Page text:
After not quite three quarters of an hour trying to keep up with him, and constantly assuring him that I was not, in fact, dying, my feet felt like a side of beef that had gone twelve rounds with Rocky Balboa.  I was afraid to sit down; figuring I’d never get up again, and knew the amount of force required to press a gas or brake pedal for driving would cause me to pass out.  It was fortunate my feet hurt so much, as it let me ignore the searing pain in my lungs and hammering heartbeat.

Therefore, I limped and dragged myself several blocks to the Payless Shoes in the Price Chopper shopping center and bought a pair of new running sneakers.  I had long passed exercising to impress women by this point. Instead, my thoughts were along the lines of, “If I don’t get in better shape, if I ever need to escape something I’m going to die before whatever it is catches me.”   This mentality ended up coming in handy in years that are more recent as well.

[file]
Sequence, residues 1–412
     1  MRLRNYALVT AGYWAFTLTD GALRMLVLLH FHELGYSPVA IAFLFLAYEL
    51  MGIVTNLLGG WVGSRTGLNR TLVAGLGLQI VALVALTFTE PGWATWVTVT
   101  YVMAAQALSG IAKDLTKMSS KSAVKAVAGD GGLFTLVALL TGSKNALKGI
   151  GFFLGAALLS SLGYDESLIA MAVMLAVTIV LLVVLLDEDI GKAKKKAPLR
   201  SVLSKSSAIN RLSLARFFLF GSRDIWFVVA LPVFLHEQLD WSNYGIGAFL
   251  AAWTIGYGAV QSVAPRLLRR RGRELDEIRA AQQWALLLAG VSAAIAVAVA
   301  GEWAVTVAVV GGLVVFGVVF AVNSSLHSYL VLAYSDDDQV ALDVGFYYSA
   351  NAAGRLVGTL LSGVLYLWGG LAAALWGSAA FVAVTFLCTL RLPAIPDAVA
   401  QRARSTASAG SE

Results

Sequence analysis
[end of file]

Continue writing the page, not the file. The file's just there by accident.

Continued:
Another Aside- I became a regular runner, at least twice a week. Granted my form was more of a controlled lope instead of anything proper, leading Phil to inform me I should run with  a cape on.  It also led to other embarrassing injuries detailed in the early days of blogging.  Still, I maintain my health, and it was great to clear my mind.  After taking the eight hour Engineer In Training exam, my folks called to see how I did, and Jesse had to inform them, "He came home and went straight out to go running...I think the test drove him insane."

Since my life is an endless source of comedy material, later that same semester I was surprised by a knock at my giant dorm room’s door.  The surprise was because no one knocked. Either you knew who was coming and left the door open or no one was coming since it was a dorm room.

I answered it and THERE SHE WAS!!!

We’ve already established there’s no way in hell I said anything suave, sophisticated, or marginally coherent.  Frankly, it was impressive I learned Kris worked at the alumni house with our neighbor Jeremy (the Virgo with the tiny room), was passing by on the way to work and would wait for him on the stairs just outside both of our doors.

As I feverishly tried to think of anything clever…or English for that matter…to use for initiation of a conversation, the phone rang. It was my dinner order being delivered downstairs.